Healthy subjects from the Lisbon metropolitan region were recruited via social media advertising. Applicants were requested to visit NOVA Medical School for a physical exam and a quick questionnaire regarding their medical background to evaluate their eligibility to take part in the research.
Inclusion criteria encompassed healthy males, moderate alcoholics, those aged 18 to 65 years, without chronic illnesses with substantial gastrointestinal consequences, and able and willing to give written informed consent. Individuals with documented cardiovascular illness, diabetes or other pertinent metabolic disorders, infectious diseases, antibiotic use in the previous four weeks, or laxative use in the past two weeks, and those with a record of alcohol, drug, or other substance misuse were all excluded.
The authors discovered that consuming nonalcoholic or alcoholic beer every day for four weeks did not elevate body fat mass or weight. They also found that it did not drastically alter serum cardiometabolic indicators. However, both alcoholic and nonalcoholic beer seemed to enhance fecal alkaline phosphatase (ALP) function, a measure of intestinal barrier action. Moreover, they improved gut microbiome variety which has been linked to beneficial health effects.
The phenolic compounds in beer, such as phenolic acids and flavonoids, might contribute to the hike in bacterial heterogeneity seen in the gut microbiota of nonalcoholic and alcoholic beer drinkers. These findings were consistent with other recent research that suggest that drinking nonalcoholic beer for 30 days boosts gut microbial α-diversity.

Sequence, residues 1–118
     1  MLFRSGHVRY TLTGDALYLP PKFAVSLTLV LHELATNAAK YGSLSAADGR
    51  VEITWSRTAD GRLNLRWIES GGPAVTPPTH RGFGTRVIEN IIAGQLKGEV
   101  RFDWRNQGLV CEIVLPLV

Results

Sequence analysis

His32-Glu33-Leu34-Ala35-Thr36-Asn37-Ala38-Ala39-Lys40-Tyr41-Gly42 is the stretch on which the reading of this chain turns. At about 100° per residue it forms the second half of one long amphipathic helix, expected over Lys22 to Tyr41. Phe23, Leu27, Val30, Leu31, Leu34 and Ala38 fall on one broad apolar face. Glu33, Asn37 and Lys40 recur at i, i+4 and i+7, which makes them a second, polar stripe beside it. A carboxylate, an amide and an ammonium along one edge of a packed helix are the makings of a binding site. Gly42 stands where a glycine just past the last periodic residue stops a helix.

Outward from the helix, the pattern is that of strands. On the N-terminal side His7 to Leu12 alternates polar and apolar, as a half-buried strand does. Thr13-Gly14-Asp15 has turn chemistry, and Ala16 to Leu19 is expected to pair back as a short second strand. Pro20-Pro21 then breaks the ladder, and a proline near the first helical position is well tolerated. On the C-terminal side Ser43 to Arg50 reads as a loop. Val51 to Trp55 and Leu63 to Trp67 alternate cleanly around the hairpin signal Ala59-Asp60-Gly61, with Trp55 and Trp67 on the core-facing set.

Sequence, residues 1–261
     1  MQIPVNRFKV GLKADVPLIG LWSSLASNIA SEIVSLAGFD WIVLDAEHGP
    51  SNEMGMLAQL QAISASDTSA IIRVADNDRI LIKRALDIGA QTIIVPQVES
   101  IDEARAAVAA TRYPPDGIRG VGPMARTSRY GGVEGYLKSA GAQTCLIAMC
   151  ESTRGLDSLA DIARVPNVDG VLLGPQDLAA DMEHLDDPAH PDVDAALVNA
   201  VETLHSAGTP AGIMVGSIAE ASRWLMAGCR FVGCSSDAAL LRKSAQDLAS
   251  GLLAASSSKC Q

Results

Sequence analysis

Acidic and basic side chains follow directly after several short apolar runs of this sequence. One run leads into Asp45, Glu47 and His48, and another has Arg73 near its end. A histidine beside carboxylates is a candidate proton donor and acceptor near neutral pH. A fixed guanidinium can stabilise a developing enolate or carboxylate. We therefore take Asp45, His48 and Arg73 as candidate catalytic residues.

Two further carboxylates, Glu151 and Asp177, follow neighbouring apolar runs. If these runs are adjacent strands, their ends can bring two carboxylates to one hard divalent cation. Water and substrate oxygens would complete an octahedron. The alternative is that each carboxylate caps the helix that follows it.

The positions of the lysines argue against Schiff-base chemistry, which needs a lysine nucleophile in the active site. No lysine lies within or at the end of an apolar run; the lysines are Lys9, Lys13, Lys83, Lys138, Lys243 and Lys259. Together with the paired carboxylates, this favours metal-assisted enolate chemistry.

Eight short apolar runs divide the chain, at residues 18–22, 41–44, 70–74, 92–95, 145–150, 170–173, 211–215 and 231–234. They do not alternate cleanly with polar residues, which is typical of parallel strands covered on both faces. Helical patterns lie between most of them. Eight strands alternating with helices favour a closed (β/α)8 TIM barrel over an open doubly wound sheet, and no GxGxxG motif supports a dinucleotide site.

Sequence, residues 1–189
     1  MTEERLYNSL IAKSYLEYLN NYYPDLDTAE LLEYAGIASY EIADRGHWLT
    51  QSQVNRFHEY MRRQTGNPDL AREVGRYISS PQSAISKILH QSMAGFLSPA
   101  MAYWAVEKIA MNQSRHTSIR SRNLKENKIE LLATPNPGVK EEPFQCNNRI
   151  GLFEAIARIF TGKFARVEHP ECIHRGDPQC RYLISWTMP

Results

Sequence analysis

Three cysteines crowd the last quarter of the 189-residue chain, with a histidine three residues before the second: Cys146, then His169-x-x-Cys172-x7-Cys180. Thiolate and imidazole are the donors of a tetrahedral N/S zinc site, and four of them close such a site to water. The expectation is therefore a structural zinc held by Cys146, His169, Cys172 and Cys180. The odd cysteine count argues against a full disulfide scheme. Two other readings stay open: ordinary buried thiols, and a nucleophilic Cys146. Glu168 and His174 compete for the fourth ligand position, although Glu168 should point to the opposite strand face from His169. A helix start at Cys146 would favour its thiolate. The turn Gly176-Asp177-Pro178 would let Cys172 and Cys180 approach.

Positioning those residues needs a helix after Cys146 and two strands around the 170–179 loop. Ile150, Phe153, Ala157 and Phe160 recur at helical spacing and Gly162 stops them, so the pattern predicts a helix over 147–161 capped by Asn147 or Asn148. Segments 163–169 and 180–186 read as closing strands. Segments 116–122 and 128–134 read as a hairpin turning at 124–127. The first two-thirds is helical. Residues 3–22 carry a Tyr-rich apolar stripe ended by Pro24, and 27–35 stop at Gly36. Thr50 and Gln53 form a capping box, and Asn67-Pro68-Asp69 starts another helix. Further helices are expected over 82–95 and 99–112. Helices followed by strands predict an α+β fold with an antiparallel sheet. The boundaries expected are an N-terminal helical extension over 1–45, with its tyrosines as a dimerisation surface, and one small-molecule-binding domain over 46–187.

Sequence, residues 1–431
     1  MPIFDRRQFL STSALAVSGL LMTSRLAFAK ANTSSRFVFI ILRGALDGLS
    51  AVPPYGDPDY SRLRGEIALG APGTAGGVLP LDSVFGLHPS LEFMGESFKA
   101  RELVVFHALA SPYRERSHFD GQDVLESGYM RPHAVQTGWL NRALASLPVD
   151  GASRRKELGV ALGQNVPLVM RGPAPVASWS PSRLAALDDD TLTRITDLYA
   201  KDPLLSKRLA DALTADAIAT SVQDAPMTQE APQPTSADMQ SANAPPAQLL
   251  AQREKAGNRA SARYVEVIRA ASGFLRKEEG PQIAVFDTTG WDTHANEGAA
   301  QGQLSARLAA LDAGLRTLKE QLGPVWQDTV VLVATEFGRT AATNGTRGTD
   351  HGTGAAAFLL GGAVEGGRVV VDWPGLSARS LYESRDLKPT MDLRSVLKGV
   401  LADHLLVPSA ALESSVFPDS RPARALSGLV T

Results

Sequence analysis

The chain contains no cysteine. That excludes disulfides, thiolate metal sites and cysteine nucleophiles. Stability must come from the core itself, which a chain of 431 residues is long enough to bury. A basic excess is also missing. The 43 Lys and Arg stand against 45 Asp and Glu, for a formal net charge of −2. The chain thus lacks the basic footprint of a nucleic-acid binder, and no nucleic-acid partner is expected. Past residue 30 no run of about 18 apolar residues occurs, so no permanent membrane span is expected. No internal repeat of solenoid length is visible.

The team noted that certain substances, such as yeast, polyphenols, and yeast components, can be eliminated during beer manufacture, particularly during beer filtration. As a result, beers with higher yeast and polyphenol content may have a more robust influence on the gut flora than the Lager beers utilized in this investigation.
The results also demonstrated that serum ALP levels drop after four weeks of daily beer consumption, regardless of the alcoholic concentration of the beer. Since serum ALP activity was utilized frequently to assess bone, liver, or heart damage when ALP function was heightened, observations on serum ALP activity might not have clinical value.